Wednesday, June 15, 2011

Some Extra-Special Diamond 'Cutters'

Sports Illustrated has a big story on the short but impactful history of the cut fastball or, in ultra-modern parlance, the cutter.

The term "cut fastball" came to be around 15 years ago, notes Albert Chen in SI.

No one knows who threw the first cutter. But though the term cut fastball only became part of the baseball vernacular within the last 15 years, a handful of players have been throwing the pitch for generations. (As referred to in the 2004 book The Neyer/James Guide to Pitchers, longtime major league outfielder and Yale coach Ethan Allen, in a 1953 instructional book, wrote, "[A pitcher] threw a fastball that was unique because it slid or broke like a curve. It was somewhat like a fastball, but he threw over the side of the index finger to a greater extent. This off-center pressure caused the break.")

More recently, the cut fastball became known as the cutter, just as the sinker has become the sink, and the splitter has become the split. (So it stands to reason that the cutter will further see its name truncated, and become the "cut." Give it a year.)

The cutter has become the money pitch not only for its most famous practicioner, Mariano Rivera, but starters who've redefined themselves, such as Dan Haren, Roy Halladay and Josh Beckett. (It's fitting that the cutter is a "money" pitch; in the bizarro Russo-Cockney language spoken in A Clockwork Orange, "cutter" was the word for money, as in "Could you spare some cutter, me brother?")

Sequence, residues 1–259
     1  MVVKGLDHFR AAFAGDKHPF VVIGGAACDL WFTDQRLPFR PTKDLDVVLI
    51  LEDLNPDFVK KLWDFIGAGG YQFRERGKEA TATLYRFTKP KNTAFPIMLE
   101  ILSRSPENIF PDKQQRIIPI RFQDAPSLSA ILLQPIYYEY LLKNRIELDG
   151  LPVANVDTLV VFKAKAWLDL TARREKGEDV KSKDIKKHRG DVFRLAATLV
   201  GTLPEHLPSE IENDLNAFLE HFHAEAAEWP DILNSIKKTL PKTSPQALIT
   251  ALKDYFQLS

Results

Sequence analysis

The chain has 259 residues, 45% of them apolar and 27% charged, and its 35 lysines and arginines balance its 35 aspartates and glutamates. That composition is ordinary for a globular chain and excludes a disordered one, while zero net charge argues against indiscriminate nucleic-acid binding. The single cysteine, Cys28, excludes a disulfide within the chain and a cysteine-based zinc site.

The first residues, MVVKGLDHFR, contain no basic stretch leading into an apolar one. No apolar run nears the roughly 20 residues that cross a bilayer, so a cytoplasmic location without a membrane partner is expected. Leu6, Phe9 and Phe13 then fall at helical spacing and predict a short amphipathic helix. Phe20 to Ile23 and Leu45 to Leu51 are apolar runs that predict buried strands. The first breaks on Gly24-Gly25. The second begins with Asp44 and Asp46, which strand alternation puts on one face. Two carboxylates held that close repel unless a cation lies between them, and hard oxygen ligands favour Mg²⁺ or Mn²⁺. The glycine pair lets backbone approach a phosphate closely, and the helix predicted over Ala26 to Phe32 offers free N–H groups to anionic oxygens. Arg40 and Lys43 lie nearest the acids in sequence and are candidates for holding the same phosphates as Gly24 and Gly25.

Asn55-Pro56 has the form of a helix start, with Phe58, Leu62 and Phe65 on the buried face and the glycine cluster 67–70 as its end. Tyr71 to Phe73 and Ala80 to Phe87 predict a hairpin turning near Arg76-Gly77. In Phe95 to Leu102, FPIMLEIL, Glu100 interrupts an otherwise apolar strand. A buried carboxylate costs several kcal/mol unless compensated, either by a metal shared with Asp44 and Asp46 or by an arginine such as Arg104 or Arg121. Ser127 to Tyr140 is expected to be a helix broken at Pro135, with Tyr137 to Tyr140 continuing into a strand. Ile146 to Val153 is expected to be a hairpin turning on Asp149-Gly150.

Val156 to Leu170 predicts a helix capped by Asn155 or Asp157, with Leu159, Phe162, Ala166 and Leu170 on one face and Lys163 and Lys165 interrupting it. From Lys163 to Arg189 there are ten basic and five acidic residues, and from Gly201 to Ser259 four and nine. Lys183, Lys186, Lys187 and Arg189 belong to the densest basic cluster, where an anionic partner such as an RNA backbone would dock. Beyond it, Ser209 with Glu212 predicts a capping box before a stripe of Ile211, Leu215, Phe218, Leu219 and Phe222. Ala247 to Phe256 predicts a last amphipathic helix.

Speaking of nouveau baseball shorthand, Chen's SI story introduced another interesting term: velo, short for velocity, as in, the speed with which a pitcher hurls a ball toward the plate.

Chen writes:

"Guys like Haren that used to throw 94 but are now throwing 90, 91, they throw a cutter because it makes the 91-mph fastball seem like 94," says A's shortstop Cliff Pennington. "Haren's is just so hard to pick up and distinguish from his slider-it's got less break but the velo is harder, so you see fastball and you swing and it breaks enough to miss. If you see the spin on it and you think breaking ball, then you're late."

Velo is much better known as a cycling term; a velodrome is an indoor cycling course, Velo News covers competitive cycling, NYC is a place to buy expensive bikes, and Velo Gear is where you buy those funky bike shoes and the rubber shorts.
[Haren pic: SI]

No comments: